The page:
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Natural disaster survivors: Mayor talks life after Oso landslide




A worker uses a chain saw at the scene of the deadly mudslide near Oso, Wash.
A worker uses a chain saw at the scene of the deadly mudslide near Oso, Wash.
Rick Wilking/AP
A worker uses a chain saw at the scene of the deadly mudslide near Oso, Wash.
A sign and the American flag are seen in Oso, Washington on March 31, 2014. 'We're still in shock, really,' says Ben Sullivan. As the likely death toll from the monster landslide in the picture postcard valley town of Oso climbs into the dozens, that's a common feeling round here, more than a week after the catastrophe.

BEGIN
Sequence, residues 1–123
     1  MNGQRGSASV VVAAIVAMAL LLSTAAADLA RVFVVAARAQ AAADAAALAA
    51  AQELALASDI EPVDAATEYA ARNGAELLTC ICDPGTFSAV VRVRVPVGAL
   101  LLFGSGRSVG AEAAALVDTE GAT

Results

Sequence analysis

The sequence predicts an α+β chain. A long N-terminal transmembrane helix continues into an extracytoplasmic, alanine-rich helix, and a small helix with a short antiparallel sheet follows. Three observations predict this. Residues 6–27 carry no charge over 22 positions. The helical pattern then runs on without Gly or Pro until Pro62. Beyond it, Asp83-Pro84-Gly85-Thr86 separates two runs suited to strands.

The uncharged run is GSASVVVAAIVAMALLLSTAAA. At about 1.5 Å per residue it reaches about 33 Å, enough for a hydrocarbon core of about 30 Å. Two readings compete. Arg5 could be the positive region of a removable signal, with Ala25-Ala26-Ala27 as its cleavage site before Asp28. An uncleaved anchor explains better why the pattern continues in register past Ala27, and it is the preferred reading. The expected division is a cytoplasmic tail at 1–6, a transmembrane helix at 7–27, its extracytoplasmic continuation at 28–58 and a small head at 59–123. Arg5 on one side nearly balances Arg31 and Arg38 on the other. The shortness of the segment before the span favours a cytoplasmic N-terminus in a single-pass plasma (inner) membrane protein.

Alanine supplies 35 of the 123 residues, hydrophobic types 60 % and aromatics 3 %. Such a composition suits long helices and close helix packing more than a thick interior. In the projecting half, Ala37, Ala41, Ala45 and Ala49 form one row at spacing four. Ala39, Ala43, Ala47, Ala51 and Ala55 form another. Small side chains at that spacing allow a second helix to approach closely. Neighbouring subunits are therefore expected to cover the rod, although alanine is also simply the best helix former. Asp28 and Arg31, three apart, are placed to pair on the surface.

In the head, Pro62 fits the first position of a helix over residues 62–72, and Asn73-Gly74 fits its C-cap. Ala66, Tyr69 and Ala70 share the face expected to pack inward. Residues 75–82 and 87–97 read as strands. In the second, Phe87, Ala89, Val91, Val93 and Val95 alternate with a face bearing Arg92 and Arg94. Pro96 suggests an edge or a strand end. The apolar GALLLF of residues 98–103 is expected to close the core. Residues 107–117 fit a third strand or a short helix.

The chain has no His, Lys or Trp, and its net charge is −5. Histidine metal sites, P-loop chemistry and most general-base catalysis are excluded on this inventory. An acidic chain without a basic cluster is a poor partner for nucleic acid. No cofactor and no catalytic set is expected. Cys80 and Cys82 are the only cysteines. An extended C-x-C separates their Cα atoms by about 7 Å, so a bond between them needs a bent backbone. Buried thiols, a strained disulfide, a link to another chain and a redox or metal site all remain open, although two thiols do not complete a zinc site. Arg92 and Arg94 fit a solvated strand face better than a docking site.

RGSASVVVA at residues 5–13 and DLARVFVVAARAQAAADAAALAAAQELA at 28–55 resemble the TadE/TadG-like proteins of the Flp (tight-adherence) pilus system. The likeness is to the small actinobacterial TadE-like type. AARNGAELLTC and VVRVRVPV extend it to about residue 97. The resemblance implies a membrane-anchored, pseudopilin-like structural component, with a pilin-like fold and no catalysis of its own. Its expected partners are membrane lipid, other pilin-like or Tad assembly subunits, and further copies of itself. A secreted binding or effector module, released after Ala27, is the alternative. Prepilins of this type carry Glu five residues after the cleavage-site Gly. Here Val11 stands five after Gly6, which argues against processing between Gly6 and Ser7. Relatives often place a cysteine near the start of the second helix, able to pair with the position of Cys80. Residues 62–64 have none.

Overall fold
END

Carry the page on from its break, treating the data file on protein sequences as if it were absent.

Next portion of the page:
AFP/AFP/Getty Images


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Six months ago, a mountain collapsed near the Washington town of Oso.

Forty-three people died, entire neighborhoods were destroyed and the community was changed, forever.

Seattle public stations KUOW and KCTS joined together to produce follow-up stories of survivors in the aftermath of the slide.

One of them is the mayor of Darrington, which is 16 miles east of Oso on Highway 530. His name is Dan Rankin.

KCTS and KUOW report:

In the days following the landslide, Mayor Rankin recalls, he did not stop moving.  Meeting with government officials, familes, and the media, a once part-time job became round-the-clock.  With an air of humility, he reflects, "I had to make sure that things weren't falling through the cracks, people weren't falling through the cracks.  But, you still don't feel like you've done enough."  

http://www.youtube.com/watch?v=sHhy3myjUNo#t=49